Orbital says it has committed to spend “up to $200 million” on the MEV project.

It says DARPA’s Feb. 6 decision to award the Robotic Servicing of Geosynchronous Satellites (RSGS) contract to Palo Alto, California-based Loral — which Orbital points out is owned by Canada’s MDA Corp. — left it with no choice but to seek a permanent injunction against DARPA’s project.

Orbital has long argued that RSGS violates U.S. national space policy by injecting public funds into a technology being developed by the private sector. DARPA has responded that RSGS has much wider aims than refueling satellites in orbit and extends to a host of robotic maintenance and repair tasks.

No business case beyond in-orbit refueling

But Orbital says DARPA has never demonstrated that any other U.S. government agency is ready to pay for sophisticated satellite in-orbit maintenance.

“As Orbital ATK has repeatedly explained to DARPA, satellite life extension is the only existing commercial need sufficient to justify the business case,” Orbital says in its court filing.

DARPA’s RSGS, like NASA’s Restore-L program — the overlap of the DARPA and NASA programs has also been a subject of debate — are intended to test servicing technologies in low Earth orbit.

Space Systems Loral in July 2016 won a $20.7 million contract with DARPA to design robotic arms for RSGS, and in December NASA awarded the company a contract to provide the satellite bus for Restore-L. NASA said the contract’s total maximum value was $127 million.

Orbital says the DARPA contract will give Loral “hundreds of millions of taxpayer dollars in subsidized technology and mission costs,” putting Orbital’s MEV at a clear disadvantage.

The lawsuit recounts what Orbital says have been multiple efforts, including a letter to DARPA from Orbital ATK Chief Executive David W. Thompson, to sit down with DARPA and resolve the dispute.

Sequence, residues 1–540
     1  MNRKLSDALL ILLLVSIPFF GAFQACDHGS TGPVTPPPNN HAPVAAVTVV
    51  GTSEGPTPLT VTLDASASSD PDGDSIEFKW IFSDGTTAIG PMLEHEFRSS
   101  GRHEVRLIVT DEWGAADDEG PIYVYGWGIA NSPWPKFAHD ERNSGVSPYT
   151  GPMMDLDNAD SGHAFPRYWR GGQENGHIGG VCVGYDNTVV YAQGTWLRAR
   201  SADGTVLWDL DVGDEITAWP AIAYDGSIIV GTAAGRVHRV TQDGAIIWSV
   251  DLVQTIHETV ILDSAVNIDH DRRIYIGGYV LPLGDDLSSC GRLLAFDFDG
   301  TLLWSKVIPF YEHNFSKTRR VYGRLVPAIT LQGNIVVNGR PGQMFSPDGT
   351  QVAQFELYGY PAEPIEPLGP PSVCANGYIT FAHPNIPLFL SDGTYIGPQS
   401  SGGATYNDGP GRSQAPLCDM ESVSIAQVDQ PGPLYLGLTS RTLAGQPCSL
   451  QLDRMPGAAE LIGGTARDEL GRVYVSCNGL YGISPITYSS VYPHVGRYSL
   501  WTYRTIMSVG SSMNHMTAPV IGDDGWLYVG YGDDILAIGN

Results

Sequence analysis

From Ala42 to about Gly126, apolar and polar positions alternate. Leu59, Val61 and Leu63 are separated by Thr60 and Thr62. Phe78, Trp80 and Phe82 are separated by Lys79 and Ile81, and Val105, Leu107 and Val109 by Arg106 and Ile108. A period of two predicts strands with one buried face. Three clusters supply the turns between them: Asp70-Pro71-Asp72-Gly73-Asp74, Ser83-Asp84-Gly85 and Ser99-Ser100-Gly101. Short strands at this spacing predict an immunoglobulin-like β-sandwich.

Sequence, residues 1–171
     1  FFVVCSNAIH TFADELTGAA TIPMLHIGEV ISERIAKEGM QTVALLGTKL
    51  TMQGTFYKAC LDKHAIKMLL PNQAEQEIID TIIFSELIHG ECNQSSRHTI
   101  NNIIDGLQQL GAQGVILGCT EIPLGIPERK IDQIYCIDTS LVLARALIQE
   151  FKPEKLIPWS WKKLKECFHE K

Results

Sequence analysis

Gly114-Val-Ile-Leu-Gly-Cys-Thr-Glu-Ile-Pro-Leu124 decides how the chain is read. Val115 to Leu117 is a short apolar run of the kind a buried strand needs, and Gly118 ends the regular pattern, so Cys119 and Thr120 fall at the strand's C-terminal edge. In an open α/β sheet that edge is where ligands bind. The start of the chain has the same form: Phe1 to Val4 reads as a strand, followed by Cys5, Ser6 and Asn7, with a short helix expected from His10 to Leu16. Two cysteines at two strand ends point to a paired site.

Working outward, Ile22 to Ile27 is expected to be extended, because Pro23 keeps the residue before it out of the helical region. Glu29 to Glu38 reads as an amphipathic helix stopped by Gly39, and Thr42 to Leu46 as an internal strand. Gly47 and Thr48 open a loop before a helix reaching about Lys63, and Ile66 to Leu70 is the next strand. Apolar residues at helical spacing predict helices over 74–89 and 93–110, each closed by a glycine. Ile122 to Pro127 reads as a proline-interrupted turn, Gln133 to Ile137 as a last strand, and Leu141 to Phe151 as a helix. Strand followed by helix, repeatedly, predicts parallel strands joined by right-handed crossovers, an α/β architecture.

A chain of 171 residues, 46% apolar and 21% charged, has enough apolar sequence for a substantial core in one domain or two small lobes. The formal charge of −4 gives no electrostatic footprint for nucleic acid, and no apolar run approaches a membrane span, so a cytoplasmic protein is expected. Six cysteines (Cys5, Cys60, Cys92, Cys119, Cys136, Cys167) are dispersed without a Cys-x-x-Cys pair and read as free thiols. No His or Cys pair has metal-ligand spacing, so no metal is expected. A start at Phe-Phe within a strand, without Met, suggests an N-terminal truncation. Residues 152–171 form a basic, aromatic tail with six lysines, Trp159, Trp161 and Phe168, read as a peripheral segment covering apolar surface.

“At no time has Orbital ATK ever received from DARPA a substantive response to its objections,” Orbital’s lawsuit says.

Orbital: Anything RSGS can do, MEV can do sooner

The company says that while its MEV’s business case relies almost exclusively on refueling satellites in geostationary orbit, the inaugural mission in 2018 for Intelsat nonetheless meets six of DARPA’s nine stated RSGS program objectives.

The remaining three objectives are being met by NASA’s Restore-L program and will also be met by the fourth and fifth MEV launches, tentatively scheduled to occur by 2021 — before the first RSGS mission.

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Peter B. de Selding
Peter B. de Selding
Peter de Selding is a Co-Founder and editor for SpaceIntelReport.com. He started SpaceIntelReport in 2017 after 26 years as the Paris Bureau Chief for SpaceNews where he covered the commercial satellite, launch and the international space businesses. He is widely considered the preeimenent reporter in the space industry and is a must read for space executives. Follow Peter @pbdes